The Black Nazarene is a wooden statue of Jesus Christ crowned with thorns and bearing a cross. Danao said no vendors were allowed within the vicinity of Quiapo Church while the devotees would be prohibited from bringing or using backpacks or colored canisters. According to Manila Police Chief General Leo Francisco, hundreds of thousands of people had flocked by mid-afternoon.
Devotees observed physical distancing requirements as they began lining up before dawn outside the Minor Basilica of the Black Nazarene in the district of Quiapo in Manila City.
The orderly scenes were in contrast to the normal frenzied procession involving hundreds of thousands of pilgrims risking life and limb to touch the icon in the belief that it can heal the sick.
The DOH also urged respective local government units to coordinate with Quiapo Church to secure the list of attending devotees, and to actively monitor their constituents who participated in the event so that possible Covid-19 cases may be easily detected and transmission is limited.
On Saturday Covid-19 cases in the country rose to 485, 797. This year, 15 masses are being held throughout the day instead.
For many, that was enough. Though mostly online, the multitude of the faithful is still there.
He added that he touched the statue for the first time during the 2017 procession, an act he believes ensured his wife, who has epilepsy and was pregnant at the time, was able to deliver a healthy baby.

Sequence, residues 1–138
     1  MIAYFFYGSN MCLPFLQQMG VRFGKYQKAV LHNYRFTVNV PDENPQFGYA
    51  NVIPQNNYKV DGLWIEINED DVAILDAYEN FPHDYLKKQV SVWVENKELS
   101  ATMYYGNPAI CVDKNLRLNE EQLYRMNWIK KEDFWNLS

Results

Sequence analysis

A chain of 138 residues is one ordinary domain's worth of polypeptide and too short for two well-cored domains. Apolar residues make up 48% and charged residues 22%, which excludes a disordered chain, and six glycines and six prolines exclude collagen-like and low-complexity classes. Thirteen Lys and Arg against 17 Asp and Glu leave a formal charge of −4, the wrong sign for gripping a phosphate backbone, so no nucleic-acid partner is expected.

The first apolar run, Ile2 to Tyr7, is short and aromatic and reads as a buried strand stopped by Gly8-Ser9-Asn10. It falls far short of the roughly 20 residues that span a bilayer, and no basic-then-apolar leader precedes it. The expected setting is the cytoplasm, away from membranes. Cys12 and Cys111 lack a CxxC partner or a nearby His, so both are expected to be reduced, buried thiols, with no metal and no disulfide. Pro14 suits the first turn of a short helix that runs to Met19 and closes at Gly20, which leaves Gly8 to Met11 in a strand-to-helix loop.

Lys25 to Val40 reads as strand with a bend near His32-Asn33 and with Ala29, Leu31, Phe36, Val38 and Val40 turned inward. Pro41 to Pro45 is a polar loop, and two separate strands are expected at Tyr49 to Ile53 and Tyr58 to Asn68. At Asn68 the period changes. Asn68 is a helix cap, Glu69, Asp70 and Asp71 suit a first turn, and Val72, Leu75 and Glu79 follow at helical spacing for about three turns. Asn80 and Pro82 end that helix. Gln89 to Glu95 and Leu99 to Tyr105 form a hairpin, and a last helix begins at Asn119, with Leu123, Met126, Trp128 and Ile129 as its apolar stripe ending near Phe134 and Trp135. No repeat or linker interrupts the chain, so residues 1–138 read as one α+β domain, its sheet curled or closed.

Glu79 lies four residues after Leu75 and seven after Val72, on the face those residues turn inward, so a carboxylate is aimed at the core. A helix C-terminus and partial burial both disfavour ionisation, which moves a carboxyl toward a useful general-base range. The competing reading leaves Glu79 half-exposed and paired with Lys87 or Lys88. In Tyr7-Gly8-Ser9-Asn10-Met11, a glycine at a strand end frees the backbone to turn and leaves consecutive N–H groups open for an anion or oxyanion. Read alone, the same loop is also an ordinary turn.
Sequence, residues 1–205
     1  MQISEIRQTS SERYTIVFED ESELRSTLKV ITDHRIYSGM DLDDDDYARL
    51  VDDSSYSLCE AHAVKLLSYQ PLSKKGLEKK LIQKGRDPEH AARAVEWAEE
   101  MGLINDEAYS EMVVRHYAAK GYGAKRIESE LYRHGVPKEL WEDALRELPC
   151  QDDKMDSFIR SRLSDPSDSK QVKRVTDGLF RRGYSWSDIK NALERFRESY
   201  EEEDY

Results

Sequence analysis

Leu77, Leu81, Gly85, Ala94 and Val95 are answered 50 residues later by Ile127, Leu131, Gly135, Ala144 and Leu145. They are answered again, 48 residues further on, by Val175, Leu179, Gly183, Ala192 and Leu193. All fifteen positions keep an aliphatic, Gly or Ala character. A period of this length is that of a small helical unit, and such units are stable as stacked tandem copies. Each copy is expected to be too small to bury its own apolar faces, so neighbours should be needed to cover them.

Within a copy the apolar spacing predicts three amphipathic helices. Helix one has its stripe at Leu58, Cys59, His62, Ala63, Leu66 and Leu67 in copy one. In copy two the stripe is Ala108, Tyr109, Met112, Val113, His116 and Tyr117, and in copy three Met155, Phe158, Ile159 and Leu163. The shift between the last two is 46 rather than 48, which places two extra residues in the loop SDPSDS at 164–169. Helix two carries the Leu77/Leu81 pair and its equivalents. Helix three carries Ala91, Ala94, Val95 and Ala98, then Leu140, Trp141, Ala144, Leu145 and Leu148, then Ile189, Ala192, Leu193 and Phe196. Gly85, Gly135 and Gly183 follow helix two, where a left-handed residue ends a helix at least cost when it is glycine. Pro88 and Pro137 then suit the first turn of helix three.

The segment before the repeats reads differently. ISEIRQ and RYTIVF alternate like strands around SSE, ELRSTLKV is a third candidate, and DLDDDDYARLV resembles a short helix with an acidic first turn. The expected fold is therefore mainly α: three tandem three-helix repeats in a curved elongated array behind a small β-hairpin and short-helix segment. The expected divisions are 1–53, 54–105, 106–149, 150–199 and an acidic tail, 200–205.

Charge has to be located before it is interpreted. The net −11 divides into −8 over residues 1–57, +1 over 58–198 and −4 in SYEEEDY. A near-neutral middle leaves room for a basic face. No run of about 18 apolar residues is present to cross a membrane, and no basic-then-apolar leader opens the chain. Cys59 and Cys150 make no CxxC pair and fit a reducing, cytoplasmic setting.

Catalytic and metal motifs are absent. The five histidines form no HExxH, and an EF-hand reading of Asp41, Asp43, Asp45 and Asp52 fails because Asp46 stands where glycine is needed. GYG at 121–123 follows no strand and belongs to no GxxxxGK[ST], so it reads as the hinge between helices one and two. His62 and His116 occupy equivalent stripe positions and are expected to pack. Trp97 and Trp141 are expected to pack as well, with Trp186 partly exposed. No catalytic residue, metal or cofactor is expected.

The risk of catching the coronavirus, which has infected almost half a million people in the country, did not bother Marlene Ordiales, 58, who believed the Black Nazarene would protect her.
"I don't care about the pandemic, I'm in it", she told AFP before entering the church. "Every year, every week I go to church", Arjay Echon, 29, a supermarket employee and a devotee for seven years, told Reuters.
The statue is called the Black Nazarene because of its charred colour, believed to have occurred when it survived a fire aboard a ship en route from Mexico.
In the weeks leading up to Saturday's big day, the statue had toured several churches in Manila to give worshipers the opportunity to see it, in a country where some 80% of the population is Catholic.
But many, like Jasper De Guzman, were determined to take part.
"We're really going to need a miracle to stop a super-spreader event in Quiapo right now". He said troops from the Philippine National Police-Special Action Force had been sent to the area as early as December 22 past year, aside from the more than 6,000 policemen from the Manila Police District.